3 ways to involve your employees in your CSR program

Koen Wijffelaars
Co-Founder - Design Strategist

One of the reasons I love my job is that I have the privilege of talking to many passionate CSR managers within many different industries. Funny thing is, no matter what kind of industry we encounter, many of them say the exact same thing: “If only more people within our organisation would care more deeply about our CSR efforts”

It’s a recurring statement and a very relevant issue; in our previous article we talked about why it’s crucial to involve employees in your CSR program and how it can have a huge effect on employee engagement, happiness and retention. So what can you do to make your employees actually feel involved, make an impact and instill a sense of pride for belonging to your organisation? Based on our experience and research, we’ve defined 3 best practices to accomplish this goal.

1. If you want to involve your employees... actually involve them

Seems like a no-brainer right? But you’d be surprised how often an employee involvement program is designed in the board room without any input, communicated top-down and as a result fails to connect to a majority of employees. The solution is really quite simple, start the process with listening to your employees. Get to know what people in your organisation truly care about, what themes or causes make them tick, find out how they’d like to be involved and get to know who your internal ambassadors are.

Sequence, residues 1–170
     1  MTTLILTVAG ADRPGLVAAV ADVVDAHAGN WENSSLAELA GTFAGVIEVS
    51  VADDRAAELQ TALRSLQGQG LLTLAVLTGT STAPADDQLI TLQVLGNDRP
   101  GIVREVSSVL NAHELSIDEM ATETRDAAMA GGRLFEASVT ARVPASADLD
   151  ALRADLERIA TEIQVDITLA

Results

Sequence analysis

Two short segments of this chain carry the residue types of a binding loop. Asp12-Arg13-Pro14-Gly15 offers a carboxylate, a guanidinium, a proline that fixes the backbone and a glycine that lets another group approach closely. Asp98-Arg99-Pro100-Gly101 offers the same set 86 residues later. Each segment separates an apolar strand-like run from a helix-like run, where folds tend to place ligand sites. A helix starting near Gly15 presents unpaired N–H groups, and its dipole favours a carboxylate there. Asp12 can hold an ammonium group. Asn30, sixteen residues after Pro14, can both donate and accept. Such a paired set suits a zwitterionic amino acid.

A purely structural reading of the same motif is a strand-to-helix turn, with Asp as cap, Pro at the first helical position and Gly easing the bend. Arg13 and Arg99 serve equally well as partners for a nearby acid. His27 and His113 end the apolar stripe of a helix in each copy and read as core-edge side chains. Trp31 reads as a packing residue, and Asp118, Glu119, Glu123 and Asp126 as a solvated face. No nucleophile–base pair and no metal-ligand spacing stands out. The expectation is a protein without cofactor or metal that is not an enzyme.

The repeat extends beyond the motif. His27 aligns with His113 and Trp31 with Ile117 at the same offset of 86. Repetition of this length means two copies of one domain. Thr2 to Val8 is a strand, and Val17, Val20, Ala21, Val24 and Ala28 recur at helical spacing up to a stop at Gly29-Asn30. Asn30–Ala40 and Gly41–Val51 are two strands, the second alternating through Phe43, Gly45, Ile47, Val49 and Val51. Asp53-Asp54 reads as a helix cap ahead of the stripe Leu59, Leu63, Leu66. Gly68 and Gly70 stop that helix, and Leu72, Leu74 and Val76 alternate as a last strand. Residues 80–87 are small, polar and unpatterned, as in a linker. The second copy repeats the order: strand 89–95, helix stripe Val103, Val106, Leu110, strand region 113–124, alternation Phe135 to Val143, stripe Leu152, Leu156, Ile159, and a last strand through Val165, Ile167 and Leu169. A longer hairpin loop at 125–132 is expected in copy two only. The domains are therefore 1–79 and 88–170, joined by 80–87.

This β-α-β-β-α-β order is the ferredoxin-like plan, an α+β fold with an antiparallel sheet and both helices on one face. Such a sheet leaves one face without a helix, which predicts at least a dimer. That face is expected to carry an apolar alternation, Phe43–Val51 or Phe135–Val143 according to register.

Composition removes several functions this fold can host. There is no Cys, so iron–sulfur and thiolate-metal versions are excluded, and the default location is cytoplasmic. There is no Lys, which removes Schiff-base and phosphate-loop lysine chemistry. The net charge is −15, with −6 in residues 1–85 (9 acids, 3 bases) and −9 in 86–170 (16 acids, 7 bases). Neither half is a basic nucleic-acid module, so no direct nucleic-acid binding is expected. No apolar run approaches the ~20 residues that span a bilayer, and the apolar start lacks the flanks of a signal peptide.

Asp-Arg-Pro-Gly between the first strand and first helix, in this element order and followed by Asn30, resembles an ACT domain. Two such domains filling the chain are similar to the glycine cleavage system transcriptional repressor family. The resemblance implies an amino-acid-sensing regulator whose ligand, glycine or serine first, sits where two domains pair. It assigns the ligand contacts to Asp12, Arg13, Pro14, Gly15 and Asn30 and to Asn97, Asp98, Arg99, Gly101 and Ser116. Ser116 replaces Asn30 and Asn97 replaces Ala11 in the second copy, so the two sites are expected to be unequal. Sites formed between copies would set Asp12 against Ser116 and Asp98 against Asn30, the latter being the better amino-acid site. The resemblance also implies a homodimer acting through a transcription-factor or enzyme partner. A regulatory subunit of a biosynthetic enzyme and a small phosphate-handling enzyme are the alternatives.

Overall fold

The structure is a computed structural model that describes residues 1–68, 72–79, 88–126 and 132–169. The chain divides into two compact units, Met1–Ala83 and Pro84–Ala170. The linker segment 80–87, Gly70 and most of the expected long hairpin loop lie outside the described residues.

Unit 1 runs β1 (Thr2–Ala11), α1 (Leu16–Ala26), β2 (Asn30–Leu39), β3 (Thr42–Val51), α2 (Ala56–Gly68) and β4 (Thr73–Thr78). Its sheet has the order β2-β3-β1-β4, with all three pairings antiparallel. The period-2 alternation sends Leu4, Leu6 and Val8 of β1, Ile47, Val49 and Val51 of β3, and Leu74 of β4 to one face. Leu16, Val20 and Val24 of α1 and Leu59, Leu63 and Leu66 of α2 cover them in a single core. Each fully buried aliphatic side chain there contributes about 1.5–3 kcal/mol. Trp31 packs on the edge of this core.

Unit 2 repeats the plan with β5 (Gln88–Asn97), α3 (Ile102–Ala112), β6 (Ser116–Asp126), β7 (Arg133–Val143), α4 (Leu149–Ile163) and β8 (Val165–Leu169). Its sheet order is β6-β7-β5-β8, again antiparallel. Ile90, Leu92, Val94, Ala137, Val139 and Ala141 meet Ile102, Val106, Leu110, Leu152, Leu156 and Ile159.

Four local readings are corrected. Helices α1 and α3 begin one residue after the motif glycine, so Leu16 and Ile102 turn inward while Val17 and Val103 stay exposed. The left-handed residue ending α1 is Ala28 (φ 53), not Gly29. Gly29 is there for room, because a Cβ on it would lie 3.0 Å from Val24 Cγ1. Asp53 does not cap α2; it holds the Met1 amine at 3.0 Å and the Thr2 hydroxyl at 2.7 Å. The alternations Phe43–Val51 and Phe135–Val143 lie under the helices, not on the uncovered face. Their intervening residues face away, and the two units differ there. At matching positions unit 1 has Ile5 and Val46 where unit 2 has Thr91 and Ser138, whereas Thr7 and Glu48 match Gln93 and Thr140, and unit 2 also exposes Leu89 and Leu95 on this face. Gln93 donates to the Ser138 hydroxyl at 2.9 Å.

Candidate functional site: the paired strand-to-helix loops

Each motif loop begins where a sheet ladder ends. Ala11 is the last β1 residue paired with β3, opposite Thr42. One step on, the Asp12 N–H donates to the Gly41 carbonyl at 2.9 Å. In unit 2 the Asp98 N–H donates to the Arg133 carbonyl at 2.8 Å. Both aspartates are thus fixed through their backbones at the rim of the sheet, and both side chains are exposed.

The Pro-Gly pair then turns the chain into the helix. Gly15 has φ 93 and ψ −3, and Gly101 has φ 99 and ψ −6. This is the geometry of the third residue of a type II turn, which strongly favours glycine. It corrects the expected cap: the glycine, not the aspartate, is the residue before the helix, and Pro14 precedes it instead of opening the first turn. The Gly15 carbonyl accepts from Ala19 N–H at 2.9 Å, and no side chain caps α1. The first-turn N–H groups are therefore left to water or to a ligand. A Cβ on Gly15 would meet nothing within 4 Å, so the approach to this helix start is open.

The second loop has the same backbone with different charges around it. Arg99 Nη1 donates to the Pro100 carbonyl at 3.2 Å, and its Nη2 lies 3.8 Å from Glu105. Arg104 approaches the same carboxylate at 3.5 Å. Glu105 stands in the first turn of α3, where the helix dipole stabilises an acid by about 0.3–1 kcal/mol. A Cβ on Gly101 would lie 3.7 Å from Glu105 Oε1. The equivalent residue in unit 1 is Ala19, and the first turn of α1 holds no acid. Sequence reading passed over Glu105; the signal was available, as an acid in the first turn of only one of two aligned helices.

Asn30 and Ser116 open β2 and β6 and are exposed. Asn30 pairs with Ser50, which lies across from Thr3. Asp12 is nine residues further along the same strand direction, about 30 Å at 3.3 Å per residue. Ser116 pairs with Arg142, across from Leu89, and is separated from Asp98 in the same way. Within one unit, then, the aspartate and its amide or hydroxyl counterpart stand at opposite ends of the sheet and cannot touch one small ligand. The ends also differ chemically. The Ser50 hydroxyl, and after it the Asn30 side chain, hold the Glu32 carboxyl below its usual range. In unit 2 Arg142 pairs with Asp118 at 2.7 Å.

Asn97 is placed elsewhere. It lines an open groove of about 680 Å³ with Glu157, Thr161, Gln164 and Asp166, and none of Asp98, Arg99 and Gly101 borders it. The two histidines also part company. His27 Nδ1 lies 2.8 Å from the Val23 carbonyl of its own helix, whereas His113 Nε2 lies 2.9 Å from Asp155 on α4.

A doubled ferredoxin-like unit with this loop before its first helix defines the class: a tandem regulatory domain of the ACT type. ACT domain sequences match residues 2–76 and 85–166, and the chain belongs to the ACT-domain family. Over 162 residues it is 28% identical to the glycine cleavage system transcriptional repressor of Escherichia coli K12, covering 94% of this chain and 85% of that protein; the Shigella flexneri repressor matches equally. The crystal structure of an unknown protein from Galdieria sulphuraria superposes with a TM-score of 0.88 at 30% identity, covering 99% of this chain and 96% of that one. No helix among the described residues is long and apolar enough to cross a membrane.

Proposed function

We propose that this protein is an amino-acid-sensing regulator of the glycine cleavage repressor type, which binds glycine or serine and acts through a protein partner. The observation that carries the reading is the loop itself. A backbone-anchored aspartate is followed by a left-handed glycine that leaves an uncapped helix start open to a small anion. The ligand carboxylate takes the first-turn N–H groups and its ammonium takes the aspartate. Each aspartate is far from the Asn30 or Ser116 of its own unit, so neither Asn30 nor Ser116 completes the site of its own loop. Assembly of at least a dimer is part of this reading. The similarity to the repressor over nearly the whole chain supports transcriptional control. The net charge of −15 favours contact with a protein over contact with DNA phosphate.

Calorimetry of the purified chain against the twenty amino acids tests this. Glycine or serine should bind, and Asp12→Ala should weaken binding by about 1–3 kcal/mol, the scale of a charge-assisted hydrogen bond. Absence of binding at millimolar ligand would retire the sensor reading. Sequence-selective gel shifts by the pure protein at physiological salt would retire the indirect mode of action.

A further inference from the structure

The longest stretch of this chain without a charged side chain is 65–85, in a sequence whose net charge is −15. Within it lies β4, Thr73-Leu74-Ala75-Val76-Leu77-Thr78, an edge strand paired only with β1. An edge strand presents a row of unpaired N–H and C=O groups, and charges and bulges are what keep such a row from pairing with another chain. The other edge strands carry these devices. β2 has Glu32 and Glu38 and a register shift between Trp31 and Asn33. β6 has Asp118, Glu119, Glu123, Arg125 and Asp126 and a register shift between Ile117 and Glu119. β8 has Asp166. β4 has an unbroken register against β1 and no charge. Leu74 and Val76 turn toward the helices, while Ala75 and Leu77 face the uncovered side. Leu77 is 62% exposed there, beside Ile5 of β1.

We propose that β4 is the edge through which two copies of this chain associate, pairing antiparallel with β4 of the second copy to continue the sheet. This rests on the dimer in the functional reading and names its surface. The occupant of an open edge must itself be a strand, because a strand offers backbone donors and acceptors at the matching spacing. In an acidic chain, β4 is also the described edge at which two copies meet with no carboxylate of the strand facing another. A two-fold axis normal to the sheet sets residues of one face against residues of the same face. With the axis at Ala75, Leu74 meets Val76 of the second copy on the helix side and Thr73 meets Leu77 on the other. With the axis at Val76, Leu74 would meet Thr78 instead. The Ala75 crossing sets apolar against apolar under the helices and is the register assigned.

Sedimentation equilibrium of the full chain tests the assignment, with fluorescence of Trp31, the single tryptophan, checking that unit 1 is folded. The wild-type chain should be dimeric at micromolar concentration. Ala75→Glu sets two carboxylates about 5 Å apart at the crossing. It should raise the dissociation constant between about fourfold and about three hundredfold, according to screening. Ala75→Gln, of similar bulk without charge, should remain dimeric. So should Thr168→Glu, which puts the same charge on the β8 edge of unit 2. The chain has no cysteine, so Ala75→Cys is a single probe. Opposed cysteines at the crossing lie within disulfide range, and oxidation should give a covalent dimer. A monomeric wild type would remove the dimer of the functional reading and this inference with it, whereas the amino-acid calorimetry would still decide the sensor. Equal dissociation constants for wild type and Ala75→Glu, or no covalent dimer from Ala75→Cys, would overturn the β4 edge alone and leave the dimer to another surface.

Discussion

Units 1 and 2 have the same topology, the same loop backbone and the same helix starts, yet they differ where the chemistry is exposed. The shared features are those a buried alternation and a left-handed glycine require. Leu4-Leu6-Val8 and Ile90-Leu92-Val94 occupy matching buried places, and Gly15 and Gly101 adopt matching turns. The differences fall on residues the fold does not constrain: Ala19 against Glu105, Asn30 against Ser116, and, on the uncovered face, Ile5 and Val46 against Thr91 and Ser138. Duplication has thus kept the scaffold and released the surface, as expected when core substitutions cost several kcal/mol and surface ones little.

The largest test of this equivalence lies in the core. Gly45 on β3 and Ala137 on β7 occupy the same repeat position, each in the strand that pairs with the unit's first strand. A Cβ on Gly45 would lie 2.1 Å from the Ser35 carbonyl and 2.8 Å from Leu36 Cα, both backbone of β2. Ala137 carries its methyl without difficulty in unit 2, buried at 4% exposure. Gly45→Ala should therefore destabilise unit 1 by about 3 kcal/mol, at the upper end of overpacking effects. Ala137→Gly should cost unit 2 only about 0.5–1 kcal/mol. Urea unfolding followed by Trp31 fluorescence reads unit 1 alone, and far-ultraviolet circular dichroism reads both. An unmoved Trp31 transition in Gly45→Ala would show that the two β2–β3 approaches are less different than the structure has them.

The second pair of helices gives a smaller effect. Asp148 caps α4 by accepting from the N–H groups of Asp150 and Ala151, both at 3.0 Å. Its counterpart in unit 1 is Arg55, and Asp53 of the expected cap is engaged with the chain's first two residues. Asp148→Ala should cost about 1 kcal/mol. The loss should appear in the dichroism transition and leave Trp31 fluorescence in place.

Asking one’s opinion does not only creates a sense of involvement, it also ensures you know what to focus on to make sure your program really connects with what the people within your organisation find important. Listen closely and continue to keep asking questions.

2. Don’t tell people what to do, tell stories and facilitate

Once you know what makes people within your organisation tick, show them how they can get involved by setting up a smart communication strategy across your different channels, but by all means, do not force people into participating. Start out by growing internal awareness of your engagement program, whether it has to do with volunteering, donating expertise, raising money for charity or creating a more sustainable organisation. Step two, facilitate; make it as easy as possible for people to join in in a way that suits them. After a while, people will start hearing about their colleague next door running a great fundraising marathon, volunteering at a local refugee center or growing an epic moustache for Movember. The more of these personal stories start to emerge, the more compelling it will become to join in.

3. Lead by example

While it’s crucial to get inspired by stories from direct colleagues, it’s equally important for upper management to lead by example. On the one hand to inspire everyone within the organisation, and on the other hand to decrease any cynicism or criticism that can pop up when a new program is presented. This study at the American College of Greece in Athens shows that when a CSR program is being supported by charismatic leadership, cynicism goes down and participation goes up. Imagine, if you’re setting up an employee volunteering program, nothing is more effective than having the CEO getting his/her hands dirty as well. Not only will it inspire, it will also remind everyone that no matter what product or service you’re selling, in the end we’re all just human beings and we all care about more things than just making the next deadline.


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